The National Academies

TCRP G-15 [Completed]

Public Transportation Resource for Small- and Medium-Sized P3 Initiatives

  Project Data
Funds: $150,000
Research Agency: Parsons Brinckerhoff
Principal Investigator: Nathan M. Macek
Effective Date: 9/25/2015
Completion Date: 9/24/2016


The USDOT defines public-private partnerships (P3s) as “contractual agreements formed between a public agency and a private sector entity that allow for greater private sector participation in the delivery and financing of transportation projects.” These arrangements may involve a government agency contracting or working collaboratively with a private entity to renovate, construct, operate, maintain, finance, or manage a facility or system.  While research has been conducted to identify examples of P3 initiatives and why they may or may not be applicable for public transportation, such research is limited because the examples tend to be for large-scale P3 initiatives. Little information has been gathered to describe small- and medium-sized P3 initiatives associated with public transportation or to offer best practices for identifying, planning, and implementing such efforts. Information is also needed on the factors that appear to support success and the challenges and barriers that may be encountered for small- and medium-sized P3 initiatives. Research is needed on the different types of small- and medium-sized, planned, and implemented P3 initiatives associated with public transportation. Initiatives may be relatively simple, such as privately sponsored signage on a local bus or shelter, or more complex such as co-development of a transit center for transit-oriented development. While small- and medium-sized P3s may be similar in some ways to large P3 initiatives, there may be important differences that should be recognized. This research should develop a resource offering practical approaches and methods for identifying, initiating, planning, and implementing small- to medium-size P3 initiatives associated with public transportation.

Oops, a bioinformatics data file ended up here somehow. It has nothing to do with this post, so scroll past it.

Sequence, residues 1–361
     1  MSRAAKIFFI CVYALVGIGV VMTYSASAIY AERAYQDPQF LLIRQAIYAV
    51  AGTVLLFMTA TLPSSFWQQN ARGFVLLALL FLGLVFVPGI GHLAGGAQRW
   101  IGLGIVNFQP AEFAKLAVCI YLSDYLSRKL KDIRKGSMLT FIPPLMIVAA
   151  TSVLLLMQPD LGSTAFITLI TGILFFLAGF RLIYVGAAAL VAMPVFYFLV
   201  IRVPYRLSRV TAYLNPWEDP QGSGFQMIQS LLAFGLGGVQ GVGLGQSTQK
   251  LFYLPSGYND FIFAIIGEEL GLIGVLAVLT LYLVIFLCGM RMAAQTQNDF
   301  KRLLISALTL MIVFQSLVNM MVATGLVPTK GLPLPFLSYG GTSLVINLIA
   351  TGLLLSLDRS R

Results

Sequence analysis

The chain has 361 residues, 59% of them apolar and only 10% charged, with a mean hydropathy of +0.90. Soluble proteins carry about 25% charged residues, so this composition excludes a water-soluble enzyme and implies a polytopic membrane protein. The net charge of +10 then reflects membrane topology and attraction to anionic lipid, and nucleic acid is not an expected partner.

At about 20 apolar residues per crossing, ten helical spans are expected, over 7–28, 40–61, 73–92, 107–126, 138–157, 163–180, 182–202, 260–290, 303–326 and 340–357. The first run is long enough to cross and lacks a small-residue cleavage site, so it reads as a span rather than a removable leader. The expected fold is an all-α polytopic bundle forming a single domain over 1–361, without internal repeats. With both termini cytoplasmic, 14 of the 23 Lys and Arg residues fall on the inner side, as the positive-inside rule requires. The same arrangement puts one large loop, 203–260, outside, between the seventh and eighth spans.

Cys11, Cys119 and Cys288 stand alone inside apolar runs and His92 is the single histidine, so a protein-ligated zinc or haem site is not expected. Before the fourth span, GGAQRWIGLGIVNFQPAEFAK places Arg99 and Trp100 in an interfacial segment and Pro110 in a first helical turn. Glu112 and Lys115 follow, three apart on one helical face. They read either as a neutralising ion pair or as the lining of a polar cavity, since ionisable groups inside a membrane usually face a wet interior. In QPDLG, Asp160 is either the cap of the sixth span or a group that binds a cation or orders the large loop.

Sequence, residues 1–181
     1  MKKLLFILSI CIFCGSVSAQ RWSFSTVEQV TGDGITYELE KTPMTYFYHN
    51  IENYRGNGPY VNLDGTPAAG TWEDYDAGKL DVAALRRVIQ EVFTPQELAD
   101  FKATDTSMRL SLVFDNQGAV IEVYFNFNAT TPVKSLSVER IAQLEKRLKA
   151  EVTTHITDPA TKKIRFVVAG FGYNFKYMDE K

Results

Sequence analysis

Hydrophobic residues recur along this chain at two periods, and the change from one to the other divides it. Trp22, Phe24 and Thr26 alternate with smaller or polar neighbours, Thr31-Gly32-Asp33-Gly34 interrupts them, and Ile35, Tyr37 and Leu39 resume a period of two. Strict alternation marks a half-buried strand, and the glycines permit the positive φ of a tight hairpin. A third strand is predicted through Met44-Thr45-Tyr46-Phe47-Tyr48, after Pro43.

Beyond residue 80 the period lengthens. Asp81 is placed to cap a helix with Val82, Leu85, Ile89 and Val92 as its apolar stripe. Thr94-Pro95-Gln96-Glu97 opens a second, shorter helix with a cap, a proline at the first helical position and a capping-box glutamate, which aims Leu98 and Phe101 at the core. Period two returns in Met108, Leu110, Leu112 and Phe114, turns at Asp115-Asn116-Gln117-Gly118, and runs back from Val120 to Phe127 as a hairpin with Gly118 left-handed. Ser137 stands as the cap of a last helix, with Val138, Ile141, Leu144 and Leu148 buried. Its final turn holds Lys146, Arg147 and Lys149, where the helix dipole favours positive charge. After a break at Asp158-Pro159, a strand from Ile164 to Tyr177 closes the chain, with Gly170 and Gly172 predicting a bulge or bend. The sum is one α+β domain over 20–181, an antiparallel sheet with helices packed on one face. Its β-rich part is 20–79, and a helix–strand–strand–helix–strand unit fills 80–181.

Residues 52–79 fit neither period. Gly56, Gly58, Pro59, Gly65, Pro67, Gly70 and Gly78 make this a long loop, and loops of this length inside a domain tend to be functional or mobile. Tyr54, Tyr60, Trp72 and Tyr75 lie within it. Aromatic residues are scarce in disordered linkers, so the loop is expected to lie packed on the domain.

The objective of this research is to prepare a resource for public transportation providers in the United States to better understand, evaluate, initiate, plan, and implement small- and medium-sized P3 initiatives. The resource should address why and when to consider P3s for small- and medium-sized initiatives, what types of initiatives may be undertaken, and how to effectively undertake these initiatives. Drawing in part on existing and planned initiatives, the resource should at a minimum address the following pertaining to small- and medium-sized P3 initiatives associated with public transportation:
  • Define the different types of small- and medium-sized P3 initiatives;
  • Identify the potential benefits and risks of different types of small- and medium-sized P3 initiatives, including but not limited to value for money;
  • Assist public transportation providers to identify, evaluate, and screen opportunities for small- and medium-sized P3 initiatives, including whether conditions are favorable for attracting private sector interest;
  • Address the criteria for building a business case for P3 initiatives;
  • Address how local, state, and federal legislation and regulations may affect P3 initiatives for public transportation;
  • Address the roles and responsibilities of public and private participants, including required expertise and the need for leaders and champions;
  • Address funding and financing options for P3 initiatives; and
  • Identify barriers and challenges to planning and implementing P3 initiatives and how they may be overcome.

STATUS: The project is completed and the final report has been published as TCRP Report 191, Public Transportation  Guidebook for Small-and Medium-Sized Public-Private Partnerships.      http://www.trb.org/TCRP/Blurbs/175901.aspxsubmitted 

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